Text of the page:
You can define your operating concerns by using characteristics that already exist in other applications. For example, you can select fields from the tables for customer master records, material master records, and sales documents. You can also select the partner roles defined in the structure PAPARTNER in the Sales and Distribution (SD) application and use them as characteristics in Profitability Analysis.

The table that you take a characteristic from is referred to as that characteristic’s origin table. Characteristics that you take from the SAP table are then derived automatically from the key fields in the SAP table. The system creates the necessary derivation steps automatically.

Example Example

Your operating concern contains the characteristic Customer district , which comes from the sales data in customer master table KNVV. The key fields of this table are the customer number, sales organization, distribution channel, and division . When you make a posting that contains these four characteristics, the system automatically derives the correct customer district.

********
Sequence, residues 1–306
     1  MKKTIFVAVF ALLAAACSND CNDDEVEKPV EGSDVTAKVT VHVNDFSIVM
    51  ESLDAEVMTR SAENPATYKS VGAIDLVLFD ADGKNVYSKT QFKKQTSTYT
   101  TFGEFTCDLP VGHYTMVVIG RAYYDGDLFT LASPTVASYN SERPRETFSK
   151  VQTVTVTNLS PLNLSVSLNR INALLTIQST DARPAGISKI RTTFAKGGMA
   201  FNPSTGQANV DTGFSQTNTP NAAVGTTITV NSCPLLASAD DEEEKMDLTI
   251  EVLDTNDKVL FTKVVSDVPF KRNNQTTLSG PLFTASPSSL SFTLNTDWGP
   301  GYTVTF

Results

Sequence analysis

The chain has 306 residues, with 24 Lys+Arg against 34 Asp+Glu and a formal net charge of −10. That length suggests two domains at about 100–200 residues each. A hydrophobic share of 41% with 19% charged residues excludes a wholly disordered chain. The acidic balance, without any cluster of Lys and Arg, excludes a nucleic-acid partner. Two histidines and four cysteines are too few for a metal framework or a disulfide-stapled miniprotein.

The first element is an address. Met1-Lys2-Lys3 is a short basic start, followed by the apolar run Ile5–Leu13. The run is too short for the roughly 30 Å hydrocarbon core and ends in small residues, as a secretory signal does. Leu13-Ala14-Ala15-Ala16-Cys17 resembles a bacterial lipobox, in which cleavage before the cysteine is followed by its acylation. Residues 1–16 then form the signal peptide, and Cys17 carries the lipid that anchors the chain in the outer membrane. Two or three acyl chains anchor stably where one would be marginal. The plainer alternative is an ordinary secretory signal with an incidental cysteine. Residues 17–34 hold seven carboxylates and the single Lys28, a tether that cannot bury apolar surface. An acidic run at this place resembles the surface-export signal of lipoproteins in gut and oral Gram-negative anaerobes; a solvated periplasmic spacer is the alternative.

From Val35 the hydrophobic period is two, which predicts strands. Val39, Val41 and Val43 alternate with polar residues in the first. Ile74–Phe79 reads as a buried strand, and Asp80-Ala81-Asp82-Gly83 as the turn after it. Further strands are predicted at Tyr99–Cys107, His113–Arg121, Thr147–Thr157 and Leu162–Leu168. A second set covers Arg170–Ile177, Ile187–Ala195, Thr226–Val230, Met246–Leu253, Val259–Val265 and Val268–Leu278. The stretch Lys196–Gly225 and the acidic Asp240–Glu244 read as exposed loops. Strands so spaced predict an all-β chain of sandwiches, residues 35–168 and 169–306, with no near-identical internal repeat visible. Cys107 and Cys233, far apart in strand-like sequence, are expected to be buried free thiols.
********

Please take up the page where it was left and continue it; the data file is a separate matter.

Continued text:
End of the example.

For more detailed information about derivation of characteristics, see Characteristic Derivation .

The characteristic inherits all the technical attributes of the field in the origin table, including all the valid values that exist for that characteristic. These values are stored in a "check table" or in the corresponding domain. In Profitability Analysis, the characteristic can only take on values from this value set. In most cases, texts also already exist for a characteristic with a defined value set.